A stunning 12th century zodiac basin sold for £3.1 million ($4.2m) in an auction of rare Asian valuables at Sotheby's in London.
The silver-inlaid, scalloped basin, adorned with intricate astrological designs, was given an estimate of £1m-£1.5m before going under the hammer on Wednesday.
But a protracted bidding war between four prospective buyers saw its price soar to more than three times the initial figure.
The rare objet d’art was crafted in the shape of the sun and features zodiac signs, solar symbols, planets, animal heads and calligraphic scripts. Art experts said it was made to symbolise the universe and harness its energy.
The basin had never been displayed in public before as it was held in a private family collection for decades.
It was part of a wider Arts of the Islamic World & India auction, which celebrated historic artefacts and paintings from Asia dating across 10 centuries.
Items included a 14th century astrolabe which sold for £741,000. It is the only known version created by a Muslim artist in a Christian-ruled city, Tudela in Spain.
A Khurasan, silver-inlaid, bronze inkwell from the 11th century was bought for £277,000.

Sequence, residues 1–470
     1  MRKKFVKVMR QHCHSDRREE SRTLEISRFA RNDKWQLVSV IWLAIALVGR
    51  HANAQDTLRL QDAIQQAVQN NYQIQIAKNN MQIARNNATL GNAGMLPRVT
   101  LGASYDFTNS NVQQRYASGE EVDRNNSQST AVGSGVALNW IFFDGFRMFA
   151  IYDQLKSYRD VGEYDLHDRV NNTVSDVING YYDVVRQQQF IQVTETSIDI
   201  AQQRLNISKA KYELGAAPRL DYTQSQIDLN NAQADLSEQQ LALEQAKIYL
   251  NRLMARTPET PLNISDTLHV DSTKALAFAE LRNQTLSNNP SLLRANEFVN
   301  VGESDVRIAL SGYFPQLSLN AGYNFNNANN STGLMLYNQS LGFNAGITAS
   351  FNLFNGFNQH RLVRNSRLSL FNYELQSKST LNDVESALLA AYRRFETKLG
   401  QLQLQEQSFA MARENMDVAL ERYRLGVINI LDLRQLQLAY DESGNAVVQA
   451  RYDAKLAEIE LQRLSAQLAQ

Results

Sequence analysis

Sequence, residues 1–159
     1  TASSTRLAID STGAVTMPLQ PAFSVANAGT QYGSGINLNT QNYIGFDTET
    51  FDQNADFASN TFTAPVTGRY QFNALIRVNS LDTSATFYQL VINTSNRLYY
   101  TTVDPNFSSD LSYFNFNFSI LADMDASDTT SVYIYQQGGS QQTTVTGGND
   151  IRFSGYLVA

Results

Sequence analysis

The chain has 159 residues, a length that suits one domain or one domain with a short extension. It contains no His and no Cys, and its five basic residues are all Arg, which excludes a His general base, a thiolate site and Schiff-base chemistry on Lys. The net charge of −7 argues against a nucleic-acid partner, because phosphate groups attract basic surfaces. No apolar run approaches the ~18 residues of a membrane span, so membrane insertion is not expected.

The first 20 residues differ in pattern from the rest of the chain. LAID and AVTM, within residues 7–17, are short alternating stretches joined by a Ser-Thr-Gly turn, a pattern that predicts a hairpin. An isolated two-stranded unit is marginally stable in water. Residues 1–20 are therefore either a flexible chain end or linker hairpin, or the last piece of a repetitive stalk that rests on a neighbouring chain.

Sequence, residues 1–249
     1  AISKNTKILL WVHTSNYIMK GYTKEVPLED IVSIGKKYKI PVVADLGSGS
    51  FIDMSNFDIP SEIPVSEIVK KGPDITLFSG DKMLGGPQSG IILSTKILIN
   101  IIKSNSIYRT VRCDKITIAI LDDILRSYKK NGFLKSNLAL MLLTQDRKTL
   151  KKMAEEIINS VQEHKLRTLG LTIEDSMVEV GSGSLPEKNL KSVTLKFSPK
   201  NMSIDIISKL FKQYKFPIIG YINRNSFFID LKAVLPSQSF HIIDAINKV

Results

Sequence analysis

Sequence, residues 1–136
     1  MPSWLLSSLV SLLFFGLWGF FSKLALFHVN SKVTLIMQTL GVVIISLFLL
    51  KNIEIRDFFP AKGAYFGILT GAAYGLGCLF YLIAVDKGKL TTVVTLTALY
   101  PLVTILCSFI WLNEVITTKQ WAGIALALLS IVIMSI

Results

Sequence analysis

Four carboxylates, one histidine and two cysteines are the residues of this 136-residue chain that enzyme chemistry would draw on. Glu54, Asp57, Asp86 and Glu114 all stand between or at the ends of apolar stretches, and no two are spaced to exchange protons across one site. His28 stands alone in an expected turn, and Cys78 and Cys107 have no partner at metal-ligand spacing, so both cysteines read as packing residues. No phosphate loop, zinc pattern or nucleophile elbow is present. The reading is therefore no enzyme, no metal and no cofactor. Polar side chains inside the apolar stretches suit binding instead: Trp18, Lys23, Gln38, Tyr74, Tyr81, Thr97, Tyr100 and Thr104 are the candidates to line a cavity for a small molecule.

Leading the paintings in the sale, a newly discovered, 17th century portrait of Ottoman ruler Suleyman the Magnificent more than quadrupled its estimate to sell for £438,000.
Experts said the “vibrant, Venetian brushwork opens a window on to a narrative of artistic exchanges in the 1530s”.
A portrait of Mihrimah Sultan, daughter of Suleyman, painted in 17th century Italy, went for £75,600, nearly nine times its estimate.
Sotheby’s said the sale continued the strong interest in items from the Islamic world. In 2020, it sold a 15th-16th century Mamluk carpet for £1.9m, a Mughal gem-set and enamelled gold flask for £983,000 and a mid-13th century gilded glass flask for £837,800.
The auction house said the sale exceeded expectations, raking in £9.5m.